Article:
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Rangiwahia Hut Track

https://www.doc.govt.nz/parks-and-recreation/places-to-go/manawatu-whanganui/places/ruahine-forest-park/things-to-do/tracks/rangiwahia-hut-track/

Slightly challenging but hugely rewarding tramp onto the tops of the Ruahine Ranges.

Rangiwahia hut and track will be closed for track improvements 18/03/2024 – 22/03/2024. Deadman’s Loop remains open.

The Rangiwahia track is an ideal day or overnight tramp, which has recently been revamped. A benched track enters the bush beside the carpark and begins at a steady uphill climb to the tussock tops. After crossing the awe-inspiring arched-wooden bridge, the grade becomes steeper, heading up through smaller shrub species and past a waterfall to reach the Rangiwahia Hut.  

There is some bird life that can be seen or heard from the track notably grey warbler, tomtit, wax eye, chaffinch, yellow hammer, fantail, black bird, thrush, shining cuckoo and kererū. You will need about 1.5 - 3 hours each way depending on your fitness level.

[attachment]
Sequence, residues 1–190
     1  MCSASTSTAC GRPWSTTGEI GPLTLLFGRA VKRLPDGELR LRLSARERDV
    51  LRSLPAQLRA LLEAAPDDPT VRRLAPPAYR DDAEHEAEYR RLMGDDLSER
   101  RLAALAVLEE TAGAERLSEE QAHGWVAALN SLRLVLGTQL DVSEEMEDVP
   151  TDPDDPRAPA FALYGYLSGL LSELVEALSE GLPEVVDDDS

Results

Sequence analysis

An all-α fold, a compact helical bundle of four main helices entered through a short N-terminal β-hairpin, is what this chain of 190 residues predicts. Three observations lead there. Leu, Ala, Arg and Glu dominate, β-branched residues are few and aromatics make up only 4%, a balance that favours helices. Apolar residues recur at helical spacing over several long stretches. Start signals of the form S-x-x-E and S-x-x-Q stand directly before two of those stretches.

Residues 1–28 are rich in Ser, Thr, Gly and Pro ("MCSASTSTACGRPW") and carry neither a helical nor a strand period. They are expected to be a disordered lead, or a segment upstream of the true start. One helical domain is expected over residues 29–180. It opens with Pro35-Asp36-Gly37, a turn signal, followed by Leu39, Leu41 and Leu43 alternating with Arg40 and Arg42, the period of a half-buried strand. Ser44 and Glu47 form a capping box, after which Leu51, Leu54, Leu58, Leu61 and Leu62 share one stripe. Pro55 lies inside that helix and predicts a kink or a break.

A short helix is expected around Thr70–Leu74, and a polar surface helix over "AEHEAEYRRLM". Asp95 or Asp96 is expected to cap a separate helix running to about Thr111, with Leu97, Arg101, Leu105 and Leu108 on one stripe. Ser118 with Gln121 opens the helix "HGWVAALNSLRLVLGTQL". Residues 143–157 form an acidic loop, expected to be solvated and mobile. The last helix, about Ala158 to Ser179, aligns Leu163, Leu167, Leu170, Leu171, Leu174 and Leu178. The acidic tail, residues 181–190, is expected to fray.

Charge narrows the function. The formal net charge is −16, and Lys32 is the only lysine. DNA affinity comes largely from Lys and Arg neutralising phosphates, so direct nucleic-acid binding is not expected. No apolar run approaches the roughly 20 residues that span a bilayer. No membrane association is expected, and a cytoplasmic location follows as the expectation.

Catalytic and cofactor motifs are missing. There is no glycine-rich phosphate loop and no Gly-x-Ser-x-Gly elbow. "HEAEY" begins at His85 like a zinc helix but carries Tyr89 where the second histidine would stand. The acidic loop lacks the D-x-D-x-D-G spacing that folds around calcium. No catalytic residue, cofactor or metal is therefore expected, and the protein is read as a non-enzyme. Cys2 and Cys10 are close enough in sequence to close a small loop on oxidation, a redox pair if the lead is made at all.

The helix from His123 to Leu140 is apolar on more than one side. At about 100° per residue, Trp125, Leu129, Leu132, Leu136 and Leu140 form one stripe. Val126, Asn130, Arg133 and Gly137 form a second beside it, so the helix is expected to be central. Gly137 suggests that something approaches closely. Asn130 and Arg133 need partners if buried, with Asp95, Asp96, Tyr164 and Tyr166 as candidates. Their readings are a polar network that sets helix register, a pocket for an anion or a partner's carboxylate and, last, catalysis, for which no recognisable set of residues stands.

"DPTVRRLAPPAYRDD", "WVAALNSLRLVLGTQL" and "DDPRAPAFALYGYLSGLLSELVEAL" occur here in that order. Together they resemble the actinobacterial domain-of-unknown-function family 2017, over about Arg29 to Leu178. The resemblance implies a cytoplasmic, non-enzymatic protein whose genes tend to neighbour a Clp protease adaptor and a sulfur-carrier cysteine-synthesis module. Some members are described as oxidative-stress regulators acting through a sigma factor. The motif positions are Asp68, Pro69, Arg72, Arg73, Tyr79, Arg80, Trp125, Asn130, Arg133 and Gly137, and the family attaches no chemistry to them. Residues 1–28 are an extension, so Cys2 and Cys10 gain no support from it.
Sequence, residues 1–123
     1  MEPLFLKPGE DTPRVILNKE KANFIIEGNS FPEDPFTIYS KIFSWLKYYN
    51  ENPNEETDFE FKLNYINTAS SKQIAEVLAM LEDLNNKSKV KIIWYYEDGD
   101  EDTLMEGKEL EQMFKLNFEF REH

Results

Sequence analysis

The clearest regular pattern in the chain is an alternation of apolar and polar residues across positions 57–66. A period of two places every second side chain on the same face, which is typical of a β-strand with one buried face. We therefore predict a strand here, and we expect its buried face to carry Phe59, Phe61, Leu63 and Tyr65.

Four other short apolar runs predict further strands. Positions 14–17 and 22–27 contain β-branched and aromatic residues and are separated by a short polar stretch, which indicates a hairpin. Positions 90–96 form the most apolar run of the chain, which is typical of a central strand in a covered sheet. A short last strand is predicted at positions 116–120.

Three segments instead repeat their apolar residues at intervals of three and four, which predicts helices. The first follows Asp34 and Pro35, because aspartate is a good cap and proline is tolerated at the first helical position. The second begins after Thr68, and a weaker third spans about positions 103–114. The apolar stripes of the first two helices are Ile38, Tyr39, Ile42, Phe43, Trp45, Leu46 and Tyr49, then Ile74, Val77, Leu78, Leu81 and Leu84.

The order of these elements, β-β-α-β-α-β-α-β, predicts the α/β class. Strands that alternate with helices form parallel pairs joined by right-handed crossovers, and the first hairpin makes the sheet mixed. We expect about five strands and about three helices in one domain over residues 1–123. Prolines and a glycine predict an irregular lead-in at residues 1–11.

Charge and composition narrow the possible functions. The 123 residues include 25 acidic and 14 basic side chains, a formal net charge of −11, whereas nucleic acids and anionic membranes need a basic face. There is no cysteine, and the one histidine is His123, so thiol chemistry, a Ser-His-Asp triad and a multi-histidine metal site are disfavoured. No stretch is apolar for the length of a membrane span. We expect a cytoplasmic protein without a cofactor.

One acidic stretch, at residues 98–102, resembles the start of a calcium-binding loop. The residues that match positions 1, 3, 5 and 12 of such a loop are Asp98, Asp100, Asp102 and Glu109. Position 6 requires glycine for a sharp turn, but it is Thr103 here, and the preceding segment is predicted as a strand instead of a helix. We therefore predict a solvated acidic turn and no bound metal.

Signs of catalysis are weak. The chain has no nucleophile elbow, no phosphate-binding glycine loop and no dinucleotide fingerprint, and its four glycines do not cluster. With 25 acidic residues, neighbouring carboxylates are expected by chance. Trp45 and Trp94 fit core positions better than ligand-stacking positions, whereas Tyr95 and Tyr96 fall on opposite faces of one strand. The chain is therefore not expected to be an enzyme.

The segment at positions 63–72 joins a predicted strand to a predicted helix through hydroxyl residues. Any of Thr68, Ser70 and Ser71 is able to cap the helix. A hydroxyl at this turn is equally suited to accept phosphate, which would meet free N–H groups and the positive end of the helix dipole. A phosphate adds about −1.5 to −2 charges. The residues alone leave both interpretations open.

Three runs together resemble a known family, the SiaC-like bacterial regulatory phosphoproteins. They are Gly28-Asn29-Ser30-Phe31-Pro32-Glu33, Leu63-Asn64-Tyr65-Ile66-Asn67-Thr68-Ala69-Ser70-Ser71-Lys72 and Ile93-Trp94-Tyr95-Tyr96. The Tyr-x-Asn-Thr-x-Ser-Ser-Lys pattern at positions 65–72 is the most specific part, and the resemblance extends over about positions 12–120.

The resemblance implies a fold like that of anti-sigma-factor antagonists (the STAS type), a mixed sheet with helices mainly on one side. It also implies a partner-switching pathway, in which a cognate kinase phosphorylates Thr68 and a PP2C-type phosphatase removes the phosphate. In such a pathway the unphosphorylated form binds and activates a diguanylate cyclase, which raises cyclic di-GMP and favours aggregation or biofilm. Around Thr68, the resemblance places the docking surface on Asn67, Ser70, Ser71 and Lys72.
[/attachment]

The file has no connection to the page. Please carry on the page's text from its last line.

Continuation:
Accommodation - Rangiwahia Hut: A serviced 13 bunk hut, which includes water, and heating. You will need to take your own portable cooking stoves. There is a wood burner in the hut for heating, which may be used for cooking. Firewood is supplied for the wood burner. If you are planning to stay in the hut you will need to pre-purchase hut tickets from a DOC office, local information centres or some outdoor retail stores. Or book online here. 

Access: To get to the car park, travel through Rangiwahia, via Te Parapara Road and left onto Renfew Road. Follow this gravel road up to the car park. You will need to open and shut a couple of gates as you drive through farm land. You immediately enter the bush, with Dead Man’s track to the right.

 

Key things to remember in the outdoors:

Stick to the trail and respect the environment by making sure the only thing you leave behind are footprints.   

The weather can change in an instant. Make sure you plan ahead, take the right clothing and adequate food, water and supplies. Check out these gear lists for walks and hikes. 

  • Tell a trusted person your plans and when to raise the alarm if you haven’t returned. Send them the information directly, or use Plan My Walk.  
  • Get an up-to-date weather report from the Metservice website before setting off. 
  • Follow the five essential steps of the Land Safety Code. 

 


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